A prime example of this in a larger sense can be seen just in the length of the film. What is Demi Moore doing in there?!? She is utterly inconsequential. Why are there 10 killers when only 2 matter to the plot, and only 4 get any notable screen time at all (we couldn’t have told you who the other 6 were without the comic book style captions). Why do we care about the stupid peasant uprising shoehorned in at the end? How many of these fight scenes actually matter to the plot?!?!?!?!
Bunraku, more than anything else, needed to stop trying to do everything and just do something. It could have been so good. It is so fucking close to being good, but it’s just not. As is, when I finish watching this movie I feel like George Clooney at the end of “The Descendants”.
“Goodbye Bunraku, goodbye my love, goodbye my friend. My pain. My joy. Goodbye.”
Fights embody the conflicts that drive stories. There’s a reason why action movies rule, and why virtually all of them end in climactic melee fights: it’s viscerally satisfying to see a guy meet his problem head-on and beat on it til it pees out a kidney.
As a professional martial artist, fight director and stunt man, I’ve worked with real and staged violence for over 12 years. I see audiences respond when a well-done fight works, even if they don’t know why it resonates. This article is about why a good fight works when it does, and where even famous fights like these can fall short.
A great fight does 3 things: advance the story, reveal character, and dazzle us with badassnessology. These 5 classics are by no stretch of the imagination bad, but because they stumble, they’re criminally overrated.
#5. Spider Man 2 Train Fight: Spider-Man vs. Doc Ock
For a while this was commonly considered the coolest fight in any superhero movie ever, and ranks high on multiple top 10 lists. Hell, I even choke up watching Peter stop the train later (shut up).
1. The choreography is spectacular. Both combattants pull unpredictable, exciting moves, and both use their powers in new and unexpected ways that are still natural and instinctive.
2. Each character has a specific, consistent movement style. We expected this from whoever’s in Spider-Man costume, but it’s refreshingly also true of Alfred Molina, who adds the right physical intention to moving each of Doc Ock’s new arms.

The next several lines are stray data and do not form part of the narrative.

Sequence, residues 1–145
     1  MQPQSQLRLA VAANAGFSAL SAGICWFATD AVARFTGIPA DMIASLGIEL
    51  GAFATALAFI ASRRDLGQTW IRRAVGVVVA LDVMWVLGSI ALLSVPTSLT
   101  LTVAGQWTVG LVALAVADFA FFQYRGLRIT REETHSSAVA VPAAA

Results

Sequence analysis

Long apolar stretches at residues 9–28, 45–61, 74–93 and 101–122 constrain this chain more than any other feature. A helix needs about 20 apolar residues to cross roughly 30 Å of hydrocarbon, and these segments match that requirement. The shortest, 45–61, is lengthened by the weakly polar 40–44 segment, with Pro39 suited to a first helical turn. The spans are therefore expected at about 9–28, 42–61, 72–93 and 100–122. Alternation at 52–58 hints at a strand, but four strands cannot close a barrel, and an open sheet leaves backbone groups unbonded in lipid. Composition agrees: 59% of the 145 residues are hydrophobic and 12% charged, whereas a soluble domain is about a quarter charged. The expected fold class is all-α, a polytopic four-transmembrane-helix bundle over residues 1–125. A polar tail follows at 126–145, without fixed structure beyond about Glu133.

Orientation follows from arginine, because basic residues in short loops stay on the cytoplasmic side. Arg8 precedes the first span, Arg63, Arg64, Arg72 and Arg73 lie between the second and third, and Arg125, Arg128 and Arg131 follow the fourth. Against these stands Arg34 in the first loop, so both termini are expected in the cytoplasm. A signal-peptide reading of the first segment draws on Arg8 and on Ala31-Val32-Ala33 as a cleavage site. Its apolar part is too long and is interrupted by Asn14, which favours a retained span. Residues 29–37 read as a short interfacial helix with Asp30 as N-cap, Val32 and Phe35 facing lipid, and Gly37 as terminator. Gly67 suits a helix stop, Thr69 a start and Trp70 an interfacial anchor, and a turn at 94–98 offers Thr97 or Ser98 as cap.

3. The fight displays each character’s natural advantage. Spider-Man struggles to get in past Doc’s super-limbs, and Doc works to keep Spider-Man away from his own soft, doughy body.
1. Both of them are the fucking Highlander.
a. “Doctor Octopus’ …ability to take damage is still at a human norm even if he can deliver a superhuman level of punishment.” (Wikipedia)
Despite titanium super arms, the rest of Doc Ock is a weak, pudgy, pasty, feeble scientist…who somehow takes 15 punches straight to the grill (count em) from a guy strong enough to stop a speeding train with nothing but brute strength and wrist-cum. Doc, at fight’s end, after the facial abuse, even after a 300-foot fall from a clock tower wherein he lands HEAD FIRST, still looks like this:
No bruises, nothing broken, his goddamn sunglasses still look good.
b. Spider-Man isn’t much the worse for wear ether. “While his body is tougher than an ordinary human… he can still be injured in ways comparable to an ordinary human.” (Wikipedia)
Bearing that in mind, rewind the fight to 3:23.
Here’s a clue.
A train. A God damn train. Doc Ock pushes him in front of a moving train, while they’re standing on another train going the opposite direction.
The combined G-forces would have turned a normal person into salsa, yet Spider-Man completely shrugs it off in literally 3 seconds (fucking time it, I fucking did). If the damn train can’t hurt him, then all that slamming, tossing, and his multiple face-to-titanium encounters with Doc’s hentai nightmare limbs mean nothing.
Yes these are super heroes, but the end result of all this violence is…nothing. Other than some manly scratches on Peter’s chest (which he never even acknowledges), both Spidey and Doc are completely unhurt.
Just think for a minute. If they skipped the fight entirely and Doc Ock simply met Peter on top of a train he just sabotaged, would anything have turned out different? Anything at all?
Nothing in the story, characters, or plot has been changed or affected by this fight in any way. This fight serves zero purpose beyond spectacle.
Bottom line: if the fighters can’t hurt each other, then the fight is fucking pointless.
#4. Snatch Boxing Match: Mickey O’Neil vs Bullet Tooth Tony
Everyone has a soft spot for Snatch (insert: sex joke). The film is famous for its unique method of construction with its odd, off beat delivery. Too bad the climactic fight is ass.